The books on the bus ...

Published March 1, 2007

LECANTO - When bus driver Leslie Allen arrives at Homosassa Elementary School, some of the students get off the bus to eat breakfast. Those remaining have five or 10 minutes before they can go to their classroom.

Rather than have the children just sitting there, Allen has a way of entertaining them.

"In the mornings, if there's time," she said, "I read to (the children)."

Book time on the bus doesn't end with the morning reading. Students are encouraged to select one of the books Allen has on board for the ride home.

"They will pick up a book. It distracts them and it's a good way to get to know them," Allen said. "I had one who wanted a book on sign language and I have one on the bus now. Sometimes they ask to borrow (a book) and they've been very good about bringing it back the next day."

The idea of having drivers read to riders and to provide books for riders to read themselves came from Lecanto bus garage route manager Alice Rowland.

"I keep encouraging the drivers to encourage their kids to read," she said. "There's a lot of time on the buses."

There are three goals of the Ride and Read program: to support what is taught in school, to develop reading enjoyment and to provide resources and encouragement for reading while riding.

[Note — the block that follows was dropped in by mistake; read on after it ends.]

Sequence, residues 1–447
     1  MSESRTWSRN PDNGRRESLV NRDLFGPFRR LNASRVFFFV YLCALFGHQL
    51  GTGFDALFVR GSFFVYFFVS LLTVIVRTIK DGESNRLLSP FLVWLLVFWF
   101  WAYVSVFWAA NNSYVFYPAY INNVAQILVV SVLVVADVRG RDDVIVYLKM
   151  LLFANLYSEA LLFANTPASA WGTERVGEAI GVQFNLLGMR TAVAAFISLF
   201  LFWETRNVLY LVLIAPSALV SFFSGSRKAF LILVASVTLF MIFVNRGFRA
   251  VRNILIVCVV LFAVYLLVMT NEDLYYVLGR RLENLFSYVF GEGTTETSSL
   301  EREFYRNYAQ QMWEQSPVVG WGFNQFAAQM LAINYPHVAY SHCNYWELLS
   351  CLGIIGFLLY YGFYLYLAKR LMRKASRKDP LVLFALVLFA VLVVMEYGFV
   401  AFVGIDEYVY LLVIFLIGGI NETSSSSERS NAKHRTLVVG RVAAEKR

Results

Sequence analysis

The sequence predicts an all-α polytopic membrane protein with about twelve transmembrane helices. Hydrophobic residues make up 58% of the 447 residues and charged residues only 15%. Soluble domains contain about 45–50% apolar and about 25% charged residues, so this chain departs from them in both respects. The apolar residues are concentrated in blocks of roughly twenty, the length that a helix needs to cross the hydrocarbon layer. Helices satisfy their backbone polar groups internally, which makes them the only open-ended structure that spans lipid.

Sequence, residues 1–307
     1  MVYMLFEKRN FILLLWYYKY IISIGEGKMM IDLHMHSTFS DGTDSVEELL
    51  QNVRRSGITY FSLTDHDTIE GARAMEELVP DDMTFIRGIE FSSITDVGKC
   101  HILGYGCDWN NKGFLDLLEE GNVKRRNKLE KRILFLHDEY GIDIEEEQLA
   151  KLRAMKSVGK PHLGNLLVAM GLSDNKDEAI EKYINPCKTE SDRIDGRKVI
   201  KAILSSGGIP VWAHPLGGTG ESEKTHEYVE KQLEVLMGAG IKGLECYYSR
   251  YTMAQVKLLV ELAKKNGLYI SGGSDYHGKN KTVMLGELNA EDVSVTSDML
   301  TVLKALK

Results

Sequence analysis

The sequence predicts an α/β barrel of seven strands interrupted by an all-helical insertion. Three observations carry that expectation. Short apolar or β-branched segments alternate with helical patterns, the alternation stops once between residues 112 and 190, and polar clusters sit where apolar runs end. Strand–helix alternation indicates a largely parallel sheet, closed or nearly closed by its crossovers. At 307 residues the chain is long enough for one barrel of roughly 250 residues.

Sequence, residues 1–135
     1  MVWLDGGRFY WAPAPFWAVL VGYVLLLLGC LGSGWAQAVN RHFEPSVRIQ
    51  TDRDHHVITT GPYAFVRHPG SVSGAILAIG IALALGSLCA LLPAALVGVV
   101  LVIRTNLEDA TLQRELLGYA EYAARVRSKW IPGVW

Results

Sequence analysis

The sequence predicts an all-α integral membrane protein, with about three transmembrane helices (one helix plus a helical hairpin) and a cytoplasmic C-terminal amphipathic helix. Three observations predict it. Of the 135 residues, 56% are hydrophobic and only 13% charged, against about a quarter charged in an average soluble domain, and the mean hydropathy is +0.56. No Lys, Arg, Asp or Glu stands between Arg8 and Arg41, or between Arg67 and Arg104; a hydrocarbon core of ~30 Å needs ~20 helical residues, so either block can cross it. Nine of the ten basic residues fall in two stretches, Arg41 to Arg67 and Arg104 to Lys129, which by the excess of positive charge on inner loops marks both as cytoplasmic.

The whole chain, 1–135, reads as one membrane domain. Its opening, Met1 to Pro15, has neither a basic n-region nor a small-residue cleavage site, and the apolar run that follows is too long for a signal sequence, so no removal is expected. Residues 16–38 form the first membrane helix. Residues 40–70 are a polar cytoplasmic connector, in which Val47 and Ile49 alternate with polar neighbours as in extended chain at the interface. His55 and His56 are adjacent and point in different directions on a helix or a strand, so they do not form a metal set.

Several local businesses contribute to the program, including Pizza Hut, Wendy's, Dairy Queen, McDonald's and Taco Bell.

The program began with the 2005-06 school year, but participation was slim. This year interest has grown.

Bus operators who have very recently joined include: Jody Gaskins, Hernando Elementary School; Jo Anne Sinclair, Lecanto Middle School; Diane Nix, Forest Ridge Elementary School; Hank Kaiser, CREST School; Teresa Ewbald, Lecanto Primary; and Tammy Allen, Lecanto Primary.

Jose Gonzalez, a driver for CREST School and Renaissance Center and Lucille Blanchard, a driver for Lecanto Primary School and Withlacoochee Technical Institute, like Allen, have been at it for a while.

Gonzalez gives the students incentive to read. His students are older than Allen's and the age-appropriate books are thicker. To encourage the students he offers an age-appropriate reward - pizza. To earn a pizza lunch at school for the reader and a friend with Gonzalez, the student has to read five books and submit a paragraph about each to their driver.

One student has accomplished that and is on the fourth book toward his next pizza. Gonzalez says the program has really made a difference with that student.

"You have to do more than drive the bus, you have to care about the kids," he said.

Blanchard keeps track of her readers and awards certificates.

"Pretty much every kid on her bus is reading and her parents are very much involved," Rowland said.

Sometimes the readers are the parents. Some Withlacoochee Technical students are teens with infants. The program encourages the teens to read to their babies - the system's youngest riders.